Some cheaper IPS monitors will also have ghosting and artifacts, but it is actually less likely. Ghosting is just part of having an LCD display and it is something that people should consider. It is an issue that cannot be completely stopped. Most manufacturers have been looking for ways to reduce ghosting artifacts, but they haven’t always had the most success.
This is because monitor ghosting isn’t necessarily caused by the monitor panel. It can be caused by many factors, including a faulty monitor cable or by other devices that are interfering with the monitor if they are placed close enough to it. Sometimes, even printers can impact monitor ghosting. Be sure to read reviews as it tends to happen on the same ones.
There are certain things that can cause ghosting more often than others. Overclocking, for example, your monitor for higher refresh rates can cause image artifacts that are similar to ghosting, or you may even get inverse ghosting.
How To Fix Monitor Ghosting
If you are experiencing monitor ghosting to the point where it is interrupting your viewing or gaming, then there are a few different ways that you can fix this problem. Most include changing or slightly adjusting certain settings within the monitor itself, even if the monitor is not what causes the problem.
The most common fix for monitor ghosting is to turn on the overdrive function.
Now, the overdrive function is a bit confusing because almost every monitor manufacturers has a different name for overdrive.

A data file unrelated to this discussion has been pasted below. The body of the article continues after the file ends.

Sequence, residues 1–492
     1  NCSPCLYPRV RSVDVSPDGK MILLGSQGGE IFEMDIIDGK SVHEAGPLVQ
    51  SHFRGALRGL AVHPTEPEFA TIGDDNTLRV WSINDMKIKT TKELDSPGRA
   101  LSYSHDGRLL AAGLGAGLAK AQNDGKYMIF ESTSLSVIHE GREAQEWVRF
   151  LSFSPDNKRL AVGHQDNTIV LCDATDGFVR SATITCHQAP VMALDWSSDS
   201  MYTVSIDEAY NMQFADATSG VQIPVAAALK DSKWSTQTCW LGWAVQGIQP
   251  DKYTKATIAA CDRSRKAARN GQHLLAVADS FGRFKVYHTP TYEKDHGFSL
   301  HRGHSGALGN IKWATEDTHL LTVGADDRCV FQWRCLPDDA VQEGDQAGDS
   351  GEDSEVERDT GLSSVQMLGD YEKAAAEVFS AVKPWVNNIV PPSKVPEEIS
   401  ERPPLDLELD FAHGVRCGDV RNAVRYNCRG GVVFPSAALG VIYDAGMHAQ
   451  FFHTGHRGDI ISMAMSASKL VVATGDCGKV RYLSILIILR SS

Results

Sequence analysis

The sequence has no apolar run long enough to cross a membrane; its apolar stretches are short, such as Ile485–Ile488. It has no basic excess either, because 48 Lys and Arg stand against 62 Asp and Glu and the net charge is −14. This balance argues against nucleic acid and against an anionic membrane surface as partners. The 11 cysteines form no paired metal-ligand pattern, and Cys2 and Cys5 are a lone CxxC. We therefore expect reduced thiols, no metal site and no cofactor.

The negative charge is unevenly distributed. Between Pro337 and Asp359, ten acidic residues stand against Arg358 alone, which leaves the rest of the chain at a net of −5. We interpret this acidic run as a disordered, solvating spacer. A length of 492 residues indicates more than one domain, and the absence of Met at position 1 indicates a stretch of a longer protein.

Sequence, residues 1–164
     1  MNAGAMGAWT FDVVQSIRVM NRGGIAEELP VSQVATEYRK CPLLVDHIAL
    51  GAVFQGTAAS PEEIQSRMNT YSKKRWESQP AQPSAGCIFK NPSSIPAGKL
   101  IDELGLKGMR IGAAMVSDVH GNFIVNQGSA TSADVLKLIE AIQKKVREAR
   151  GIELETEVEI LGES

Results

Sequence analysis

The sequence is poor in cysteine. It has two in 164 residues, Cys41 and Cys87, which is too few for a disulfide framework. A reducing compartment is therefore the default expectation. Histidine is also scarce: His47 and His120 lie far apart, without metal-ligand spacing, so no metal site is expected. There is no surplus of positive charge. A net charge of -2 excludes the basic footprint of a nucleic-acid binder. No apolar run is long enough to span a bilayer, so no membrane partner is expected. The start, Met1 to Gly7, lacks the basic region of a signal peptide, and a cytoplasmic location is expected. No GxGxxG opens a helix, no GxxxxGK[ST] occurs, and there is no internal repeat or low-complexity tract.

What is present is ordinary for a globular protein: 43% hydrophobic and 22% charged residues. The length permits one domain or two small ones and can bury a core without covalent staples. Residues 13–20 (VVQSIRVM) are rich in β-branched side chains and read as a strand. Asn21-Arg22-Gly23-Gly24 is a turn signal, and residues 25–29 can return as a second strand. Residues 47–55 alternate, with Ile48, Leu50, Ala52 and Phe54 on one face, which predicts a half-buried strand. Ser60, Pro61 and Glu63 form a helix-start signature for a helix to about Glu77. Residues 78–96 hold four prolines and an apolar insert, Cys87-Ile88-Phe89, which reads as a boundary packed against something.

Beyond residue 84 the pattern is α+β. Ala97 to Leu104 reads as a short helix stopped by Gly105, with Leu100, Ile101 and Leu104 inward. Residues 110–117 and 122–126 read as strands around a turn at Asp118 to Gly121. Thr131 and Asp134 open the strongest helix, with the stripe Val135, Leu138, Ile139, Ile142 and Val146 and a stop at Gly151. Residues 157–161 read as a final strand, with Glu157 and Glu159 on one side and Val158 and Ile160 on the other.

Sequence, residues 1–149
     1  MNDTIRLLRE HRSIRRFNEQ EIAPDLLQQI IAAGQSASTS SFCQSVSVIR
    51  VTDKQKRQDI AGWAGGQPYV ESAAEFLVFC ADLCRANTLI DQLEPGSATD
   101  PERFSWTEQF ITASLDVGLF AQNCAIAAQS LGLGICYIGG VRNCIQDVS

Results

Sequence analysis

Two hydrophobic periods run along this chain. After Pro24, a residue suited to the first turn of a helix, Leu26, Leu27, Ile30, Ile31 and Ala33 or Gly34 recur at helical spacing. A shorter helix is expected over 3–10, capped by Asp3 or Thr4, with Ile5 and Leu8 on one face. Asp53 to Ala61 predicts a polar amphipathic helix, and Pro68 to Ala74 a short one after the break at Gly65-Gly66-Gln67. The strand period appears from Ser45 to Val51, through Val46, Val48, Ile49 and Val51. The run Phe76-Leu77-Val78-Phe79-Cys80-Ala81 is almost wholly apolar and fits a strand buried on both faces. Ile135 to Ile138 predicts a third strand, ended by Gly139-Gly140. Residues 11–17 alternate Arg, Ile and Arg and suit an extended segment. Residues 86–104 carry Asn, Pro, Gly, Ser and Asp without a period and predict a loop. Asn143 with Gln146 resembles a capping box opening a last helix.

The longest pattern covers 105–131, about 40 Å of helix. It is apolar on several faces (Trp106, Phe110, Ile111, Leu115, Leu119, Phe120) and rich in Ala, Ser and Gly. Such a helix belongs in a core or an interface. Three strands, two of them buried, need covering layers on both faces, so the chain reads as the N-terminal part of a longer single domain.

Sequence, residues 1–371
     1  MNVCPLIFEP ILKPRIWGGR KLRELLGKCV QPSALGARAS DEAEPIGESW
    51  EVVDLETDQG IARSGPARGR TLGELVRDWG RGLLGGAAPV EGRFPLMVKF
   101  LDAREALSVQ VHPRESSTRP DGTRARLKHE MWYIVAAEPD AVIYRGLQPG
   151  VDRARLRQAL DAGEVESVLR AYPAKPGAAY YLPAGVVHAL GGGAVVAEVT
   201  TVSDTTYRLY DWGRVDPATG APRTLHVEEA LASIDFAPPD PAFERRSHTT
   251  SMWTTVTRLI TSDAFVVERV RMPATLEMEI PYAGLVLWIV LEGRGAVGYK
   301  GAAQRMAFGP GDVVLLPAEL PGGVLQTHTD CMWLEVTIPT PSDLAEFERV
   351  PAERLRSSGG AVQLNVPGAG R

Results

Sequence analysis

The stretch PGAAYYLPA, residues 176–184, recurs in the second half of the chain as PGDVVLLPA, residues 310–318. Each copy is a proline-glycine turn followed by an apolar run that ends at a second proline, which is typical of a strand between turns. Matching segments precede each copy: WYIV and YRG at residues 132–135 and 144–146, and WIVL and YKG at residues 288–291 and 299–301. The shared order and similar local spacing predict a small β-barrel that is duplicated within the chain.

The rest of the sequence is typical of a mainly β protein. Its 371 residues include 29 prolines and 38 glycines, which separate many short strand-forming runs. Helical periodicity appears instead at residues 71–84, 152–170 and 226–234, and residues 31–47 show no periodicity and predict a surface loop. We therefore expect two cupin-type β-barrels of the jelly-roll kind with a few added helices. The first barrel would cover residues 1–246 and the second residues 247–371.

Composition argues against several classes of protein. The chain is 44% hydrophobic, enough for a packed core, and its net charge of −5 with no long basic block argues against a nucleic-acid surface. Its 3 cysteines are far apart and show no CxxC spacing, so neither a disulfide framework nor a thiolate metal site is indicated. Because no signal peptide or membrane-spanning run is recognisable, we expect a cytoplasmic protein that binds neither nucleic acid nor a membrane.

Yours may be known as:
● AMA for BenQ monitors
● Overdrive for Acer monitors
● Response Time for LG and Samsung monitors
● Trace Free for ASUS monitors
If you have another monitor, you can look for “Overdrive” or “Response Time” and it will be there. If you can’t find either of those, you can look online to see what it will be called for your own monitor.
To correct this test, you will need to try a motion test of some sort. You can Google the term “Monitor Motion Test” and you will see a few different options pop up, but the most popular test is the TestUFO motion test. From there, you will be able to tweak the overdrive setting to make your image clearer.
You want to change the levels of overdrive until the ghosting is minimalized as much as possible. You want to do it as much as you can, but you will also need to avoid corona artifact. To find the sweet spot, you will need to put the setting at medium or one level below when inverse ghosting or the corona artifact start to appear.